I have been accused of being a “married suburbanite” who has lost her soul. Yes, I’m married. My love and I discovered through our lawyer that it was the best way to protect each other financially so we did it. It changed nothing about our relationship other than we got really kick-ass rings out of the deal. I’m actually an “exurbanite,” since I live too far out of the city to be on municipal water and power grids. If you’re going to attack me, get your facts straight. I have a full time job, a nearly full-time business, an aging, sometimes ill mother, a rather large house and a pretty big garden to take care of. I don’t have time to worry about much else. And yes, I like the comfort, ease and security that my love’s and my hard worked has brought us—we’ve earned everything we have. No one is going to diminish that as mere materialism.

Frankly, I don’t feel like a victimized, oppressed person.  True, I am a lesbian, but I am also a wife, a daughter, an employee, a writer, a business person, an entrepreneur, an artist, a gardener, a baker. I vote, I pay my taxes, I’m active in my local neighbourhood association. And all those things that I am fight for equal time. That’s ok. Life is supposed to be busy and multifaceted and rich. I am the sum of all my parts.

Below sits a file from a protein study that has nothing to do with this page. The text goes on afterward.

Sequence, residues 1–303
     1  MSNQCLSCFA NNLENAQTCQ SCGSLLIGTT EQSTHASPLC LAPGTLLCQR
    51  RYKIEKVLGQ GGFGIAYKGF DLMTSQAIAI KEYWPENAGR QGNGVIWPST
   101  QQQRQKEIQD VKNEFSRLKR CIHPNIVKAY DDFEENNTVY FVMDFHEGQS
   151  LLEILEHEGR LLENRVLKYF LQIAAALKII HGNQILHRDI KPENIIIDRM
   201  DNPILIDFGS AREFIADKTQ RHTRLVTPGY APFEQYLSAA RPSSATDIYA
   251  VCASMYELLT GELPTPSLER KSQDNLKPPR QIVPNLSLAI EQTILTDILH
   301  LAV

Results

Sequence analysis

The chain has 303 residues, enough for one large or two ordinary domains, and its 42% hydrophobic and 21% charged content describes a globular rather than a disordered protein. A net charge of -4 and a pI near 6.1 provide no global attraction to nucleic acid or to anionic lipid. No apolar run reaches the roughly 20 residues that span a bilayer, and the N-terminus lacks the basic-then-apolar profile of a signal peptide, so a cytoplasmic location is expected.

I pondered long and hard whether or not it was worth wasting pixels responding to these criticisms. Was I trying too hard to justify how I live or think? But I realized that those words, aimed at me like to darts, with no other reason than to try to make me feel bad (and I repeat, “try”) relate to why I longer feel I need to fight what I consider other peoples’ battles.